- Explain the examination to patient, and obtain adequate and relevant history.
- Patient positioned supine on the bed, with head slightly extended over pillow.
- Scan with patient’s head turned slightly away from the side being examined.
- Begin the examination by assessing vessels in B-Mode, optimising factors such as frequency, depth, gain, TGC and focal zone.
- Always angle correct to the flow NOT the vessel wall. They arent always the same and it may not be in the centre of the vessel.
- Less than 60 degrees ( beyond 60degrees, error is exponentially increased)
- Ideally an angle of 0 degrees provides least error and greatest doppler shift. This is rarely acheivable but as we approach 0 degrees, our human inter-observer error error is diminishing.
- With modern equipment, accurate angle correction is acheivable.
- Begin proximally in transverse and follow distally to the bifurcation.
- Assess the course (i.e. if tortuous) and the presence of any intimal thickening or plaque.
- Repeat in longitudinal plane.
- Use colour to assess patency of vessel and the direction of flow.
- Use ‘Heel/Toe’ technique to optimize insonation of vessel, apply colour box and Doppler sample gate with appropriate steering and angle correction.
- Measure the Peak Systolic (PSV) and end diastolic velocities (EDV).
- Assess in transverse and longitudinal for pathology.
- Identify the origins of the ICA and ECA arteries. The ECA has small branches (usually the thyroglossal artery). The ECA also usually has a smaller diameter, arises laterally and has a higher resistance waveform (ie lower diastolic flow than a normal ICA).
- ‘Temporal Tapping’ may also be used to confirm that you are examining the ECA. This involves gently tapping the temporal artery (approximately 1-2cm anterior to the top of the ear) whilst sampling the ECA with doppler. You will see reverberations in the trace corresponding to your tapping.
- A normal ICA will have no branches and usually a lower resistance waveform.
- Measure the Peak Systolic (PSV) and end diastolic velocities (EDV) of the ECA.
Be aware of the possibility of a ‘Carotid bulb tumour’ which whilst relatively rare, is a clinically significant finding. This will occur at the bifurcation, outside the vessels, possibly exerting extrinsic compression on the carotid artery.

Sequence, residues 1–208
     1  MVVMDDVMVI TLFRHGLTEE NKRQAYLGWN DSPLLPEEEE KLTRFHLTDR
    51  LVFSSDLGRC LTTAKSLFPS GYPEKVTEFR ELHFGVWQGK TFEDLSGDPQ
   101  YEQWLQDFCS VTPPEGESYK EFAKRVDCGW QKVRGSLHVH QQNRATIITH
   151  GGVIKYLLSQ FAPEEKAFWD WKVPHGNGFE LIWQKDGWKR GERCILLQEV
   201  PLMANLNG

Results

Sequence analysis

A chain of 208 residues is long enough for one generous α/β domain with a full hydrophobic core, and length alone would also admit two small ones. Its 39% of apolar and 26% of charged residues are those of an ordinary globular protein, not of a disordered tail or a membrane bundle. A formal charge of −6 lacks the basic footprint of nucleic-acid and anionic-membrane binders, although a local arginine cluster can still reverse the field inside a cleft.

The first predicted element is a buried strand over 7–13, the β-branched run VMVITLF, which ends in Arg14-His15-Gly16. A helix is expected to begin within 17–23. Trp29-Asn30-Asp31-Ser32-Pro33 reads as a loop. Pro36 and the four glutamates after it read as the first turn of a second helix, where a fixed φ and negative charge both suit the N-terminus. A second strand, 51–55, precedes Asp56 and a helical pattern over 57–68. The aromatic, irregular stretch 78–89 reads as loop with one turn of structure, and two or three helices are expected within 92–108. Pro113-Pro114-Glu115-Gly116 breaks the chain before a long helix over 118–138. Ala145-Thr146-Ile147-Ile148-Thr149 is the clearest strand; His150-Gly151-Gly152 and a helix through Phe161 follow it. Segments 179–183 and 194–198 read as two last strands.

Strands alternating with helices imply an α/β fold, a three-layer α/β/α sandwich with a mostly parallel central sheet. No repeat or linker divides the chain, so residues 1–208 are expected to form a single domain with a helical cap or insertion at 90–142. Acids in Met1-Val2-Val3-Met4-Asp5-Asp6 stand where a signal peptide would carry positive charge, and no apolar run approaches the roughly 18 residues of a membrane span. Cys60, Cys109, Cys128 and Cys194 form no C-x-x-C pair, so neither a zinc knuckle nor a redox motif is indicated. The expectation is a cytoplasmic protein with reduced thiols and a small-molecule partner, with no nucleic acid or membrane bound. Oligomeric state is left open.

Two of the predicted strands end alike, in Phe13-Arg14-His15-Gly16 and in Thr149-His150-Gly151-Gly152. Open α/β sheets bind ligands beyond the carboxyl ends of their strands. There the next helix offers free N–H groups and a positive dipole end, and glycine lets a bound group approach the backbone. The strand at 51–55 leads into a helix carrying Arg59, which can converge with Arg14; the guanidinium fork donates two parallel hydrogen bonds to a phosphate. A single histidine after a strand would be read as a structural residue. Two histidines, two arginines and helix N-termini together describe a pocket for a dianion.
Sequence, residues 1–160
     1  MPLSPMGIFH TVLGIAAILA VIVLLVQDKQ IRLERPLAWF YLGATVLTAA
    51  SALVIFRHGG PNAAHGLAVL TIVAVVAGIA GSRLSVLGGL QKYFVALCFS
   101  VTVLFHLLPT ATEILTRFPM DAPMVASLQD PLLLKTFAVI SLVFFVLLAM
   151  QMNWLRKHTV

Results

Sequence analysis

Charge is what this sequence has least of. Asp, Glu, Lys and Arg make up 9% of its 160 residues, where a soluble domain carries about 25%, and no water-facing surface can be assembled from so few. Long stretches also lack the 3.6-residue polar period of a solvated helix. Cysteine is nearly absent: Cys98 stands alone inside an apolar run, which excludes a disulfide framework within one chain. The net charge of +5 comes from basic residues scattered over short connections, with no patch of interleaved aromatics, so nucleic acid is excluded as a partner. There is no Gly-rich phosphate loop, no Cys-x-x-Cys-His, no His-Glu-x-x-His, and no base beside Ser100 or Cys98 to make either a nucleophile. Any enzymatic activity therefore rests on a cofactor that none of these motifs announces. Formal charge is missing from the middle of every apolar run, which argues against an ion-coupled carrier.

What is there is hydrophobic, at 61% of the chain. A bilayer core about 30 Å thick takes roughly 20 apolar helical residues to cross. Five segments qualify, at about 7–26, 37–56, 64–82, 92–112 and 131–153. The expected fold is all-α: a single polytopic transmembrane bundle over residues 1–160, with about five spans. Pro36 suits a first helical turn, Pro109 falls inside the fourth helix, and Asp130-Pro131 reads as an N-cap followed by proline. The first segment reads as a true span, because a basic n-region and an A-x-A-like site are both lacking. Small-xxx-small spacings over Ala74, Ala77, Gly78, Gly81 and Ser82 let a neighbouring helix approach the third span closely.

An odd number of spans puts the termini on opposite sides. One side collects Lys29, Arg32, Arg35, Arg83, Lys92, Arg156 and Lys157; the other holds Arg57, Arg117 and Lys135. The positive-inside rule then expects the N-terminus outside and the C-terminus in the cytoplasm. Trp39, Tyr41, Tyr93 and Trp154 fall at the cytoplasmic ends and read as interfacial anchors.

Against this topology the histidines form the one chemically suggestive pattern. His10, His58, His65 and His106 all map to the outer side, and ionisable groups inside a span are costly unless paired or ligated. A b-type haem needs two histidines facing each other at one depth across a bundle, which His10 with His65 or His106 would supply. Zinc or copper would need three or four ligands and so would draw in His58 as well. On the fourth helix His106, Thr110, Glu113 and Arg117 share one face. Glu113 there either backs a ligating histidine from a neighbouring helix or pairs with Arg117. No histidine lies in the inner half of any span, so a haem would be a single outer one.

INTERNAL CAROTID ARTERY (ICA)
- Follow the vessel intially in B-mode and then using colour doppler. Look for stenoses highlighted by aliasing in the colour doppler.
- Take Doppler samples in the proximal and distal segments and anywhere else that pathology or an altered waveform is detected.
- Ensure you angle correctly to the direction of the flow indicated by the colour doppler prior to calculating velocity. IMPORTANTLY, this angle may not correspond to the course of the vessel.
- Return to a longitudinal plane of the CCA and angle the beam postero-laterally to visualise the vertebral artery.
- Ensure suitable PRF and gain for these smaller, deeper vessels. The flow should be low resistance flow ( presence of forward diastolic flow).
- Confirm the flow is antegrade i.e. towards the head – (normal) or retrograde (suggesting subclavian steal syndrome).
- If there is the suggestion of retrograde vertebral artery flow, examine the subclavian artery for a tight stenosis or occlusion that could result in subclavian steal syndrome.
- The pathology will usually be located between the CCA origin and vertebral origin.
- Similarly, if there is low systolic, high diastolic flow in the common carotid artery this may be related to CCA origin or subclavian pathology.
Always keep in mind the surrounding anatomy in the neck that may be of clinical significance. For example enlarged lymph nodes or thyroid pathology. Brief documentation may be made and formal follow up studies can be performed if clinically indicated.